Written by Kenneth Teape (@teapester725)
|Photo Credit: Reuters|
It took longer than some people had hoped, but the New York Knicks and Carmelo Anthony finally were able to come to an agreement on a contract, as he will play out the remainder of his prime years in orange and blue. The exact numbers of the contract are not known, but what is known is that it will be for five years and between $122-123 million. It is not for the maximum that the Knicks were allowed under the CBA to offer Anthony, which makes both the player and organizations winners in this pact.
Heading into free agency, the biggest advantage the Knicks had over any other team courting Anthony was money. They could offer an extra year and anywhere between $30 and almost $50 million dollars depending on who the contract was coming from. While the extra money would be hard to pass up for Anthony, President Phil Jackson and the Knicks still needed to make sure the flexibility would still be there. $6-7 million does not sound like much of a discount, but given the circumstances the Knicks are in and cap situation, that is a big help.
Under the current CBA, Anthony is eligible for 7.5 percent increases in salary every season of the deal starting at $22.5 million. If reports are right and Anthony takes a flat salary in Year 2, the numbers will go as follows:
2014-15: $22.5 million
2015-16: $22.5 million
2016-2017: $24.2 million
2017-2018: $25.9 million
2018-2019: 27.6 million
Where the Knicks save in this deal is the second year of the contract, where they needed it most. The summer of 2015 is where the Knicks will have immense cap space, the first real chance Jackson and new head coach Derek Fisher have to really shape this roster. With Anthony firmly in place, they have the cornerstone, now it is time to augment the roster and add to the centerpiece they have in place. It does not seem like a lot on the outside, but that $2 million dollars could be the difference between the regular midlevel exception and the mini.
The idea behind this is that Anthony gets his money, but later on so that the Knicks can take advantage of the massive cap space they are projected to have earlier on in the Anthony pact. Teams will more often than not try getting players to take less at the end of their contracts, but with this one the Knicks are agreeing to make sure Anthony gets his money over time as long as he gives them the flexibility earlier on to help get talent around him.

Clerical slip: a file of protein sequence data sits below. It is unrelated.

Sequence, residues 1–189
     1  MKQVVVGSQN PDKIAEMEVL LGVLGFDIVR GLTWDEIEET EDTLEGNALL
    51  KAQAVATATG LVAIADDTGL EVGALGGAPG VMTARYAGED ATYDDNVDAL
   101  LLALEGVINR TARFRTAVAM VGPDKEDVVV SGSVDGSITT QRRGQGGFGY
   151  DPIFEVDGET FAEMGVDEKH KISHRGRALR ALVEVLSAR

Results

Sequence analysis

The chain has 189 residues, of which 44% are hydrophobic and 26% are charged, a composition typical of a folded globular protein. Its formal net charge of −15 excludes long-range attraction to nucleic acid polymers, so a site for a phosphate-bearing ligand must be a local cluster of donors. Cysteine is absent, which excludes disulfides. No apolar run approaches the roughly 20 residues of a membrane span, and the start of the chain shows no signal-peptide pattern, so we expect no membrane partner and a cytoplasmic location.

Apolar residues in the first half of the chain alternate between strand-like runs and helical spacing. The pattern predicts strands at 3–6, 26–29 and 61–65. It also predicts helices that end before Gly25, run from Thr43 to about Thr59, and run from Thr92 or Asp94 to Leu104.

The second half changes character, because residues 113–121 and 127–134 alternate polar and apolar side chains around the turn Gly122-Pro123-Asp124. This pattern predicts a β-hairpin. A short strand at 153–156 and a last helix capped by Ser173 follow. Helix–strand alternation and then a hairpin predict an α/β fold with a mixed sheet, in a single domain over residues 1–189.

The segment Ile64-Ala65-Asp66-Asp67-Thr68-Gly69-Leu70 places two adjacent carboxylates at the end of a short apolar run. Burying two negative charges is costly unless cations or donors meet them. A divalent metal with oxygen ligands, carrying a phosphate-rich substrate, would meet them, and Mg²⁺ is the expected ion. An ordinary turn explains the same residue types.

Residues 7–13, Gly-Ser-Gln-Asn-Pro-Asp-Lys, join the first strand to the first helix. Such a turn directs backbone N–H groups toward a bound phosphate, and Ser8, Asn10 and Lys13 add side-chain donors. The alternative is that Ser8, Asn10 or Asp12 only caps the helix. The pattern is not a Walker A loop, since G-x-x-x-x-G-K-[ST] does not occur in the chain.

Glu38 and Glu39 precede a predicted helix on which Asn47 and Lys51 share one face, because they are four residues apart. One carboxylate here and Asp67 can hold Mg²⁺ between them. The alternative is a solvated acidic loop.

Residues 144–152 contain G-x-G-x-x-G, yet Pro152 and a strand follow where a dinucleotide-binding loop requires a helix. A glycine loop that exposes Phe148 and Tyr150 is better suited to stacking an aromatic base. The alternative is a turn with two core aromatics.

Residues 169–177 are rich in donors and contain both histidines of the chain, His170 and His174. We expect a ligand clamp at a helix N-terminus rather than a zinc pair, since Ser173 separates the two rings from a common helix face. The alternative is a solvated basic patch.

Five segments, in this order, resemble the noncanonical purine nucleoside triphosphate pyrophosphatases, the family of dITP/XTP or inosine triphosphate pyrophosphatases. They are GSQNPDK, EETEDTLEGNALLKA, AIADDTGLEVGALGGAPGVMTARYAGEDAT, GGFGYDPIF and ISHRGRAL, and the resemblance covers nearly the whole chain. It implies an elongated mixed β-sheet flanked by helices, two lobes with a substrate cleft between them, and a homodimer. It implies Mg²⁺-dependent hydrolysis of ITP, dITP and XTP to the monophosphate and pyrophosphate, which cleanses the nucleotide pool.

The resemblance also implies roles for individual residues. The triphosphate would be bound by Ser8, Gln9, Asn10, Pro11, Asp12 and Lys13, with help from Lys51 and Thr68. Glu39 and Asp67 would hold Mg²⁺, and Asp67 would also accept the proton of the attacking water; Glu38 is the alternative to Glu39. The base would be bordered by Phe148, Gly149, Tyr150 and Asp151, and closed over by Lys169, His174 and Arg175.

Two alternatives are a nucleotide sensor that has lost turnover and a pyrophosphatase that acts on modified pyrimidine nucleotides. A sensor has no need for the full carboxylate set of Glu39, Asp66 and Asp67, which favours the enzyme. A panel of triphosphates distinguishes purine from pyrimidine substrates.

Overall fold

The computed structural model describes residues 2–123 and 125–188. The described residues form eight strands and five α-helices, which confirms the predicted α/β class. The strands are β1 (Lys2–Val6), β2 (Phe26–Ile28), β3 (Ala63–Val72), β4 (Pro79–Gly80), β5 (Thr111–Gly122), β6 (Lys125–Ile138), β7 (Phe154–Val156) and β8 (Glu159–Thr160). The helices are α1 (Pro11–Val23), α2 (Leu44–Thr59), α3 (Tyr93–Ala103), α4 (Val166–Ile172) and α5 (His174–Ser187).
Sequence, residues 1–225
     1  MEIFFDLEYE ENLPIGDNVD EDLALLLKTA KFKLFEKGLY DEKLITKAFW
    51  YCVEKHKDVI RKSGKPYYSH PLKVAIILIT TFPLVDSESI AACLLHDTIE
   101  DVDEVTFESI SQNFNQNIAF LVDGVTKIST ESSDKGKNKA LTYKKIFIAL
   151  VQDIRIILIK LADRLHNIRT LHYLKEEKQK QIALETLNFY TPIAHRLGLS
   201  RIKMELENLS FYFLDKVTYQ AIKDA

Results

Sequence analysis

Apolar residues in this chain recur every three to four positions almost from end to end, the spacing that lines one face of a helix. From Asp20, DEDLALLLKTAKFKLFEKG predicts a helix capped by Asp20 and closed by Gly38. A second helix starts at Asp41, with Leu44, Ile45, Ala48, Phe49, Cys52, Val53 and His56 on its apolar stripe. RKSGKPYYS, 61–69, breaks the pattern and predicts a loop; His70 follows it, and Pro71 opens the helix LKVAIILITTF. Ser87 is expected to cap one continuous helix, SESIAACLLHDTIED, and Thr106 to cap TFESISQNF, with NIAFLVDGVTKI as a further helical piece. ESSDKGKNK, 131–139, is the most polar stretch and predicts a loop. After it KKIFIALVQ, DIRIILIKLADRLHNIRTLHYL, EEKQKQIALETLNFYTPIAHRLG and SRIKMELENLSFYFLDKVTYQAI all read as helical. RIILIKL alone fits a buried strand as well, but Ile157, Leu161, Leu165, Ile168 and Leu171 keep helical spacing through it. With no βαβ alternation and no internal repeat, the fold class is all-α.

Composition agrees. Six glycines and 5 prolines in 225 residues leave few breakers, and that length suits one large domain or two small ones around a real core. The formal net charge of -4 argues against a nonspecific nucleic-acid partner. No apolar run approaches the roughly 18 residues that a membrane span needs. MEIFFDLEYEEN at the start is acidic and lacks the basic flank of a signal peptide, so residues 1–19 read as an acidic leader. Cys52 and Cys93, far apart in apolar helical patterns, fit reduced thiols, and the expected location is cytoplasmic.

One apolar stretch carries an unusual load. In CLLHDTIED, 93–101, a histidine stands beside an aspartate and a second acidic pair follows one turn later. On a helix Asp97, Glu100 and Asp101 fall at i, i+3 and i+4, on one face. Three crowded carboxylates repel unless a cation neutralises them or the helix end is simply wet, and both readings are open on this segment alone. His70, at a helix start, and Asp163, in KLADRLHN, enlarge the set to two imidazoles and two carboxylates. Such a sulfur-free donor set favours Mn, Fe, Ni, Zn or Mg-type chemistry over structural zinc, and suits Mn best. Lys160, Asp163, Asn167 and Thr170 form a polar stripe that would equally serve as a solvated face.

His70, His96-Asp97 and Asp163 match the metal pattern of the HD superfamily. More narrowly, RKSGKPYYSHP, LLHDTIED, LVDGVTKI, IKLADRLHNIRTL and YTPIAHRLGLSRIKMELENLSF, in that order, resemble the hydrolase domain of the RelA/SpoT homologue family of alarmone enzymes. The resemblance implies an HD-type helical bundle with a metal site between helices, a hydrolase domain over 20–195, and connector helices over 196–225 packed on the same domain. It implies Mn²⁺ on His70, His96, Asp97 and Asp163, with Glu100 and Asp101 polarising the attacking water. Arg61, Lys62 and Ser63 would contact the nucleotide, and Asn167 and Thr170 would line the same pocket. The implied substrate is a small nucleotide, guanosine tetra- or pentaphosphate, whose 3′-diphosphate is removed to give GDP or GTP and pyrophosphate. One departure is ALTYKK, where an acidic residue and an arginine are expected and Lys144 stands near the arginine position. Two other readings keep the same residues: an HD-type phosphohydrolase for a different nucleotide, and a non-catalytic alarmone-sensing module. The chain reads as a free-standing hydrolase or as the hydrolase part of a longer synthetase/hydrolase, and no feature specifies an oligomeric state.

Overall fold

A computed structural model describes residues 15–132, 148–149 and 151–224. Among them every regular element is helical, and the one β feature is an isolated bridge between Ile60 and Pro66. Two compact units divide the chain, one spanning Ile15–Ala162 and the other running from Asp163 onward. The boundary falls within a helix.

Jackson was very happy with how things progressed as well, saying, “He [Carmelo] did exactly what we kind of asked him to do. Give us a break in the early part of his contract so that when we have some wiggle room next year, which is hopefully big enough wiggle room, we can exploit it.” Jackson continued that saying, “I want to be fiscally responsible. We’ve been a taxpayer team for a little bit and we want to limit that.”
The Knicks have the taxpayer’s mini midlevel exception available to them, but they may not put that to use this season. The Knicks, admitted by Jackson, have some holes on the roster, but said, “We’re not just going to foolishly throw money away because it’s available to us.”
The hard part now is done for the Knicks, as they finally have their guy in Anthony locked up and on board. The next step for the Knicks will be evening out the roster. As currently situated, the Knicks are over-loaded in the backcourt with a log jam at the shooting guard position and a plethora of guards. On the flipside, they are thin up front and could use some help up front in the center and big man departments. How they go about filling those holes will be interesting to watch, as the goal is to keep the salary cap in 2015 and beyond as open as possible.
During his time on the television broadcast Jackson mentioned some holdovers from last season that he expected to see improvements from this season. That may be the strategy the Knicks take, hoping players such as Iman Shumpert and Andrea Bargnani fit more into the new scheme than the old one. Whatever the decision must be, it is now up to Jackson and Fisher to continue shaping this organization into the contender the fans and city are desperate to have.